My conclusion on the bargaining power of buyers:

The buyers do have some amount of power but not enough to dictate a soft drink company.

Many of the soft drinks have a relatively elastic demand, due to the variety of substitutes.

My conclusion on the threat of substitutes:

Considering the amount of substitutes in the soft drink market I would say that the threat of substitutes has influence on the soft drink market.

Numerous or equally balanced competitors:

The soft drink industry is very concentrated. The top 3 companies: coca cola, Pepsi and Cadbury account for almost 90% of the U.S. soft drink market. Competition is high especially between the top 2 companies.

The growth in the soft drink market is slow which means that this will make the competition more aggressive between competitors.

Taking these aspects in consideration I will say that the rivalry is very high is this market.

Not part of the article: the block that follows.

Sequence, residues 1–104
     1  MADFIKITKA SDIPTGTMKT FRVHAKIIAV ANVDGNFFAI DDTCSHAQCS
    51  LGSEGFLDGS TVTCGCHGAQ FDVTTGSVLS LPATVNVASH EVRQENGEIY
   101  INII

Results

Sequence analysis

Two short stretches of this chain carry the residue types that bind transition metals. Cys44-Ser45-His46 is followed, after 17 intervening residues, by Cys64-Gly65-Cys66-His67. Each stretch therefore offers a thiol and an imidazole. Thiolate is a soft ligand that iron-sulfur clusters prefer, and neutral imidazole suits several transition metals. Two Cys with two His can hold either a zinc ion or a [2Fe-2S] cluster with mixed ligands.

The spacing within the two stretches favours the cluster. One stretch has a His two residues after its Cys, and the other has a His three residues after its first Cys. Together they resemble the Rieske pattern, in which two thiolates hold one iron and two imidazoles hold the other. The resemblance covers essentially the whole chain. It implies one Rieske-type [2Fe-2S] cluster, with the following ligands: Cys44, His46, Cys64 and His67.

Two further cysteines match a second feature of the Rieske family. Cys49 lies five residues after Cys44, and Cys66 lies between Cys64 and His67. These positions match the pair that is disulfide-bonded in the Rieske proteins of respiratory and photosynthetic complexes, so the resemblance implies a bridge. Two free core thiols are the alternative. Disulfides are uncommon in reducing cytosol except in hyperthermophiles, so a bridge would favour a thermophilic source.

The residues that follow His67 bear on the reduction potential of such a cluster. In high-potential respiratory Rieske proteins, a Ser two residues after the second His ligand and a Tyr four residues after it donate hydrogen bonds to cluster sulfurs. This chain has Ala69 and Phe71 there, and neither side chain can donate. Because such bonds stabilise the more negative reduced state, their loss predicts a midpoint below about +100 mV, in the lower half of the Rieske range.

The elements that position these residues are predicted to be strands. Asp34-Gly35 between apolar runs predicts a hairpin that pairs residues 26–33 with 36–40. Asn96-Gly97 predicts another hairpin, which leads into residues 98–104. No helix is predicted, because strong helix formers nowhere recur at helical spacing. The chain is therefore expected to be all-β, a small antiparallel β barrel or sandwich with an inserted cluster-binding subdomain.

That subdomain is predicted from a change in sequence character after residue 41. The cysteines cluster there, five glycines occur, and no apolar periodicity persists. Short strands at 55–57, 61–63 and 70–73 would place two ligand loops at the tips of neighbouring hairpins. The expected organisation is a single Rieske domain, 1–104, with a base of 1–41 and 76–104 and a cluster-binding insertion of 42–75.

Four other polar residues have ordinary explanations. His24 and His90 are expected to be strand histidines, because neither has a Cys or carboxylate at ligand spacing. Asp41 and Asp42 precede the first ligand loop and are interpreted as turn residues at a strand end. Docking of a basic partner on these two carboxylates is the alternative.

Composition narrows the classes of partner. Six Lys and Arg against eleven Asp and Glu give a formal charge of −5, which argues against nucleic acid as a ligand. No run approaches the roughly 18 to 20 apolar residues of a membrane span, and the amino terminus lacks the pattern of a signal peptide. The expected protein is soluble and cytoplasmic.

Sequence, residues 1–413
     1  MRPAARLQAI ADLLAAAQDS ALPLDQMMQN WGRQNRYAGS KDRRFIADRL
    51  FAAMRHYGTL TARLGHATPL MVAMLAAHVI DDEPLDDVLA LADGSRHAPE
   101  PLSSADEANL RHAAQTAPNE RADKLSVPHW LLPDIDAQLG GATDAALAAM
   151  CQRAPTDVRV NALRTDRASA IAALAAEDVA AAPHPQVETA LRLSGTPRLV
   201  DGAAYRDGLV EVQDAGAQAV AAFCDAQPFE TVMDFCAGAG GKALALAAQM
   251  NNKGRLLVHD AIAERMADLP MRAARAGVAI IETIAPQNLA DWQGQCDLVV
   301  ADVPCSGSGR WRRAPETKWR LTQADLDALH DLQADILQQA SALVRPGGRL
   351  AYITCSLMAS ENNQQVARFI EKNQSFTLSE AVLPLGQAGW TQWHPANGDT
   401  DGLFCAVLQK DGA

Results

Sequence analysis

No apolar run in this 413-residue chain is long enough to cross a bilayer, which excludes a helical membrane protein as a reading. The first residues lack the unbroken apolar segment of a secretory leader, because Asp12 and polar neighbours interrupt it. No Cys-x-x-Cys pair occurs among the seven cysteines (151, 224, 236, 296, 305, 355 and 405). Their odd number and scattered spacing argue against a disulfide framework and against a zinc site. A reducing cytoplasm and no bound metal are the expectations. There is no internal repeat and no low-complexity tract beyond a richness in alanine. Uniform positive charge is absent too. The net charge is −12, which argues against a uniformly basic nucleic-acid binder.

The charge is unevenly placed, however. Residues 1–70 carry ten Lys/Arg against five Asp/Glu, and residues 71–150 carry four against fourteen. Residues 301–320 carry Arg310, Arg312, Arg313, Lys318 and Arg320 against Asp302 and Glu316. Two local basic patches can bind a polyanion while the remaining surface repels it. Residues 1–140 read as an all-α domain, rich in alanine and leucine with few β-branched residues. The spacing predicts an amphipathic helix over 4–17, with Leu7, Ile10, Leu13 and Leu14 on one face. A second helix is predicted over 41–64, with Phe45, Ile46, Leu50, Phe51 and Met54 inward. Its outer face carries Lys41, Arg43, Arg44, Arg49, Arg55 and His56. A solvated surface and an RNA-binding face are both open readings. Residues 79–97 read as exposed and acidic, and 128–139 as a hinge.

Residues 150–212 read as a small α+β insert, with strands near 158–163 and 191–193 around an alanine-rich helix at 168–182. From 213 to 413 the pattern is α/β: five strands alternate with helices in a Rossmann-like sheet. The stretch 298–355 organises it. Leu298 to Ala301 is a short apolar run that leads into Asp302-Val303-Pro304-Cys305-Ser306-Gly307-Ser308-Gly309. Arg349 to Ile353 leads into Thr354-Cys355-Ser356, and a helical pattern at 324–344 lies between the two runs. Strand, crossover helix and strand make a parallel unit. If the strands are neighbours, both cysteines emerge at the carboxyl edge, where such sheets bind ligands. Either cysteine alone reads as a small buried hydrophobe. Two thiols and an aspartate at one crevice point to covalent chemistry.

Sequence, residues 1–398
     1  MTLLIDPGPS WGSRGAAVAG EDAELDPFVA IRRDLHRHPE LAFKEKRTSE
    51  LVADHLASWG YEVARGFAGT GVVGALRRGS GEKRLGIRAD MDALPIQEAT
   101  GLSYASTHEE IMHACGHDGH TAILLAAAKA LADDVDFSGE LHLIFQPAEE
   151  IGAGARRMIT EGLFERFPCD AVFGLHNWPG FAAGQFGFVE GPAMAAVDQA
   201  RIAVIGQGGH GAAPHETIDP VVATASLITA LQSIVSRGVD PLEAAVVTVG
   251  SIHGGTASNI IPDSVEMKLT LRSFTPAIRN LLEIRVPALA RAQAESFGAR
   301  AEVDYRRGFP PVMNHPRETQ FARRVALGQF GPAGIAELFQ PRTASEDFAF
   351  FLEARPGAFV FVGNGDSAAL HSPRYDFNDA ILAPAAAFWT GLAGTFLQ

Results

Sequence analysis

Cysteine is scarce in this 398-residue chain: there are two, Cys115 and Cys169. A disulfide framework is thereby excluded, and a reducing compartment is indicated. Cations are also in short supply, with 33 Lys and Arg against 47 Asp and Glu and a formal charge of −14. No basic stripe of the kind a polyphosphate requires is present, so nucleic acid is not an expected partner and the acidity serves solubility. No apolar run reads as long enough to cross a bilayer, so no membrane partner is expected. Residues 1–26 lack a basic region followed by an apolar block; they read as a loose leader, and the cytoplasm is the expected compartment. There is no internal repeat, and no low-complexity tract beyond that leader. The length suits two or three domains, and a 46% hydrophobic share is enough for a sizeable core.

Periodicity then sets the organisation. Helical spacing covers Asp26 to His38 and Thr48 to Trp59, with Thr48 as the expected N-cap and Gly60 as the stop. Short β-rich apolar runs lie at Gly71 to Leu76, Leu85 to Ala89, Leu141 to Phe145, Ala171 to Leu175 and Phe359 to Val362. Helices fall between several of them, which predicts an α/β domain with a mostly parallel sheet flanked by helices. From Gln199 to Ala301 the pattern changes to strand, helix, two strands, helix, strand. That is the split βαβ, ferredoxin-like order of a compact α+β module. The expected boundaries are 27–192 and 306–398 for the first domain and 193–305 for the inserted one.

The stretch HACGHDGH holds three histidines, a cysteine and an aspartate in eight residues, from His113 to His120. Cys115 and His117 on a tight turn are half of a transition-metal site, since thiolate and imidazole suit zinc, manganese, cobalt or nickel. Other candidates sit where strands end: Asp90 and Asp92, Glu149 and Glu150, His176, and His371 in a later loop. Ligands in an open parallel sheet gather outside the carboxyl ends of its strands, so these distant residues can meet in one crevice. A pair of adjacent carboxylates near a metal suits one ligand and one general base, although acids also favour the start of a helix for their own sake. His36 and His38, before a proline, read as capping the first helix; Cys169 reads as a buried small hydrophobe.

2.Is the U.S. soft drink industry attractive for contemporary players:

After all my findings regarding the 5 forces of Porter I would say that it might be attractive to come in the industry and compete against the smaller companies. Because to come and compete against the big companies is almost impossible. The risks are too high, it will cost a fortune to advertise a new product. But is you compete against smaller companies you might have a better chance of succeeding.

3.What would you advise possible new entrants on the U.S. soft drink market?

As I mentioned on question 2, I will be a better idea to start a small company and compete against the small soft drink companies. Taking all the 5 forces of the market in consideration, it is obvious that it is almost impossible to compete with the leaders of the industry. The risks are too high and it will take a very big investment that is not sure of succeeding.




Bibliography:
Sources: www.cocacola.com
www.pepsi.com
www.quickmba.com/strategy/porter.shtml

Literature: Competitive Strategy by M. Porter Chapter 1
Io syllabus case 4